I haven't seen that from O'Malley at all, my politics are considerably further left than the dems. That said, O'Malley on climate change is excellent. Can he face the Koch machine?

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Response to elleng (Reply #18)

Sun Oct 25, 2015, 06:19 PM

27. Thanks for this

All that and he's never held office in Washington DC. Who knew?

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Response to Rebkeh (Reply #14)

Mon Oct 26, 2015, 12:08 AM

51. Same here. I like O'Malley. I just like Sanders more.

 

I neither like not trust Clinton. The best I can say about her is that she's not a Republican, which, yeah, is just enough for me in the GE. But I'd rather have a person I want to vote for than a person I have to vote for.

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Response to Rebkeh (Original post)

Sun Oct 25, 2015, 04:37 PM

4. If you believe that you don't have a choice, then you don't, you've given up your power.

Thanks for the thread, Rebkeh.

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Response to Uncle Joe (Reply #4)

Sun Oct 25, 2015, 06:37 PM

31. Like I have said before.

Now is the time for a real progressive populist movement, but the message needs to be clear and not overly complex and it needs to be repeated over and over to drive it home into the minds of the people.

Then Bernie will win.

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Response to Uncle Joe (Reply #4)

Sun Oct 25, 2015, 06:46 PM

32. Anytime, Uncle Joe n/t

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Response to Rebkeh (Original post)

Sun Oct 25, 2015, 04:40 PM

5. K&R nt

 

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Response to Rebkeh (Original post)

Sun Oct 25, 2015, 04:52 PM

6. "Do you believe it is possible to have the country we want? " NO!

 

The country you get is always a compromise with the country everybody else wants. That's the very definition of a Democratic Republic.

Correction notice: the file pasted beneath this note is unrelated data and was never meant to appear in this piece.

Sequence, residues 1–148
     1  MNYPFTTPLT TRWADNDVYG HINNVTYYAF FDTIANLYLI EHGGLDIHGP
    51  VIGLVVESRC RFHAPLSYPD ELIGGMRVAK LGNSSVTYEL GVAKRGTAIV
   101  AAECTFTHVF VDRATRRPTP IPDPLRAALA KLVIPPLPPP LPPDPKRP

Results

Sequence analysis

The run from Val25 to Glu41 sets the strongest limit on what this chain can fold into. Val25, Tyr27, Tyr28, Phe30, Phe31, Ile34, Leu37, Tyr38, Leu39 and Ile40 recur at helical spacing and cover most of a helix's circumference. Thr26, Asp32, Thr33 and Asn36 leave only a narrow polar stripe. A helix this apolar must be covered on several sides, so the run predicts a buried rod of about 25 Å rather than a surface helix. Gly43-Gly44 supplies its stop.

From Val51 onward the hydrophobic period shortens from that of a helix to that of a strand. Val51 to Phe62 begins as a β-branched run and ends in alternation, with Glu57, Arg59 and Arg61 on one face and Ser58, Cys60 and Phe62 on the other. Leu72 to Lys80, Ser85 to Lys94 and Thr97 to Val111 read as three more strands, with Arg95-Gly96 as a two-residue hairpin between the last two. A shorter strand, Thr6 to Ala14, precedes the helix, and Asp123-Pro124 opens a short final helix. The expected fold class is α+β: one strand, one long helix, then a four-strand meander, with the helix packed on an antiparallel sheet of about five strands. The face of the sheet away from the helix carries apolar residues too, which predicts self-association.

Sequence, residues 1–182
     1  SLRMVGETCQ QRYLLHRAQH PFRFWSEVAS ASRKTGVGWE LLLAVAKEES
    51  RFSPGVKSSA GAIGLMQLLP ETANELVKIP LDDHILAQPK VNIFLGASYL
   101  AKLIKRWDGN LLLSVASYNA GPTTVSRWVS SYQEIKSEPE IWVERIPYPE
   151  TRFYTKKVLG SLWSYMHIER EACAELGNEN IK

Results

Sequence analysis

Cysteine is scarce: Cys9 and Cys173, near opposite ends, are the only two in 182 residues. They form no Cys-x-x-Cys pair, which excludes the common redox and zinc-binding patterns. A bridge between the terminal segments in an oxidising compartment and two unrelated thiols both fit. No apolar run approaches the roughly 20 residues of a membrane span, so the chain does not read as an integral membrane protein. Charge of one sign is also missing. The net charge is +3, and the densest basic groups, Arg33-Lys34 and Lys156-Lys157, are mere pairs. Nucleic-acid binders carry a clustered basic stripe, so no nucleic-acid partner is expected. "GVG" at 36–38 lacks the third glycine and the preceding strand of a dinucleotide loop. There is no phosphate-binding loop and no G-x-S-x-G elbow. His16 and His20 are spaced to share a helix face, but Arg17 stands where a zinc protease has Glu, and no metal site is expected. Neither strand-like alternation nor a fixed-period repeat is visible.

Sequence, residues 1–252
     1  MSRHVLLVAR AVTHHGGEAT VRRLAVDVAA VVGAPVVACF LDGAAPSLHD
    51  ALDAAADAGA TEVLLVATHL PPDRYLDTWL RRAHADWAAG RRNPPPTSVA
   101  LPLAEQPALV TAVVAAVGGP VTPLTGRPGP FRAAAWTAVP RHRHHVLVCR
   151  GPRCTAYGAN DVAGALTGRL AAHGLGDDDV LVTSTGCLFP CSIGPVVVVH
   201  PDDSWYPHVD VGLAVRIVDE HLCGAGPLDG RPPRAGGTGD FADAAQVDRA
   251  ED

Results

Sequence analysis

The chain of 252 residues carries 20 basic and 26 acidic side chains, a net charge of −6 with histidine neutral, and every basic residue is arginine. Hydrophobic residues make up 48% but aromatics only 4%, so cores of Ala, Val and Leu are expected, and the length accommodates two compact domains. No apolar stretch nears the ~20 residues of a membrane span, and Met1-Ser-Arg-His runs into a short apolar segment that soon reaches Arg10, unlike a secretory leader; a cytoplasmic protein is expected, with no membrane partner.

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Response to MohRokTah (Reply #6)

Sun Oct 25, 2015, 04:57 PM

9. Unfortunately, we are no longer a democracy.

We are an oligarchy. This is why we need a revolution to put someone in charge that is not part of the oligarchy. Bernie says he doesn't want money from millionaires and billionaires because that is not who he will serve. He wants to bring back democracy.

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Response to azmom (Reply #9)

Sun Oct 25, 2015, 05:09 PM

12. Baloney

 

I still vote. I still campaign for the candidates of my choice.

For this to be an oligarchy, the voting must end.

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Response to MohRokTah (Reply #12)

Sun Oct 25, 2015, 05:16 PM

15. Voting has little to do with it. It's about power and control.

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Response to azmom (Reply #15)

Sun Oct 25, 2015, 05:18 PM

16. Voting has EVERYTHING To do with it.

 

One name.

Eric Cantor.

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Response to MohRokTah (Reply #16)

Sun Oct 25, 2015, 05:24 PM

17. You have little influence. The system is corrupt.